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Researchers develop 'first' visible femtosecond fibre laser

Visible femtosecond laser

Researchers at Université Laval in Canada have developed what they say is the first fibre laser capable of producing bright femtosecond pulses in visible wavelengths.

Described in Optics Letters, such lasers could have applications in materials processing and a variety of biomedical applications.

According to the scientists, it hasn’t yet been possible to produce visible pulses with durations in the femtosecond (10-15s) range directly using fibre lasers, with complex and inherently inefficient setups usually being required.

Their new laser combines a lanthanide-doped fluoride fibre with a commercially available blue diode pump laser to emit red light at 635nm, achieving compressed pulses with a duration of 168fs, a peak power of 0.73kW and a repetition rate of 137MHz. The use of a commercial blue laser diode as the pump source helped make the overall design rugged, compact and cost-efficient.

“Our demonstration of a femtosecond fibre laser operating in the visible spectrum paves the way for a new class of reliable, efficient and compact ultrafast lasers,” remarked research team leader Réal Vallée.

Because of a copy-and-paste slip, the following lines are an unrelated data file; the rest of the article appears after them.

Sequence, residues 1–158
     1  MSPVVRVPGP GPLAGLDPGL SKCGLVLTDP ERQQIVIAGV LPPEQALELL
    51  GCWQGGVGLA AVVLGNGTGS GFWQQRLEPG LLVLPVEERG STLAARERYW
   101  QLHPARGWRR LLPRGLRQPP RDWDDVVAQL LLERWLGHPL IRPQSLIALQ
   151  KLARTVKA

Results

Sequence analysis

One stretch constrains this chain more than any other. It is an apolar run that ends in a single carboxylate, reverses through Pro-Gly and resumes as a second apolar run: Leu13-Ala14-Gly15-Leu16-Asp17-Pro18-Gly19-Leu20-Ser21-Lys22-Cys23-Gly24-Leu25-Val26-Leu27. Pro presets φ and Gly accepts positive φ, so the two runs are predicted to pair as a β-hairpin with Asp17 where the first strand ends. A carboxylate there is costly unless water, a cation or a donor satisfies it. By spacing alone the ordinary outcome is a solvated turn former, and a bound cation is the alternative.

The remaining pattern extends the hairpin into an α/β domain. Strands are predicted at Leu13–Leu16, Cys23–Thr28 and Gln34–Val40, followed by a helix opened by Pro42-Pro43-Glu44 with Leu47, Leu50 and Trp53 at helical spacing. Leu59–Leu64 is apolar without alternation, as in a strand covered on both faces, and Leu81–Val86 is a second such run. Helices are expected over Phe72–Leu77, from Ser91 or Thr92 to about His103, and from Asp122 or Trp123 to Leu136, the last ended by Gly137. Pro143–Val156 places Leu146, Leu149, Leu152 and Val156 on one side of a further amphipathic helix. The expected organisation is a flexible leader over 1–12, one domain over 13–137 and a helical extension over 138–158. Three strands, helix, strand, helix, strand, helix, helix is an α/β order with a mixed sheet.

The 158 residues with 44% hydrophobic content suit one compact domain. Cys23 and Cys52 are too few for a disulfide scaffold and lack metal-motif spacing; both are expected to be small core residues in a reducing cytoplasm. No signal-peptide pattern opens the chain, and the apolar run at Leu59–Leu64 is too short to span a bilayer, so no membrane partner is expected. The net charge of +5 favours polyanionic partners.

The recent advent of semiconductor-based laser sources operating in the blue spectrum was key to the development of efficient visible fibre lasers, according to the researchers. They also noted that the refinement of fluoride fibre fabrication processes has also been crucial to them obtaining lanthanide-doped fibres with the properties required to develop efficient visible fibre lasers.

“Provided higher energies and powers can be achieved in the near future, many applications could benefit from this type of laser,” said Marie-Pier Lord, a doctoral student involved in the project. “Potential applications include high-precision, high-quality ablation of biological tissues and two-photon excitation microscopy. Femtosecond laser pulses also allow cold ablation during material processing, a process that can make much cleaner cuts [than longer pulses] because it doesn’t produce thermal effects.”

Next, the researchers would like to improve the technology by making the setup completely monolithic, meaning that the individual fibre-pigtailed optical components would all be directly bonded to each other. This would reduce the setup’s optical losses, improve efficiency and make the laser more reliable, compact and robust. They are also investigating different avenues to improve the laser’s pulse energy, pulse duration and average power.

Image: Jérôme Lapointe

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Ultrafast lasers, Lasers

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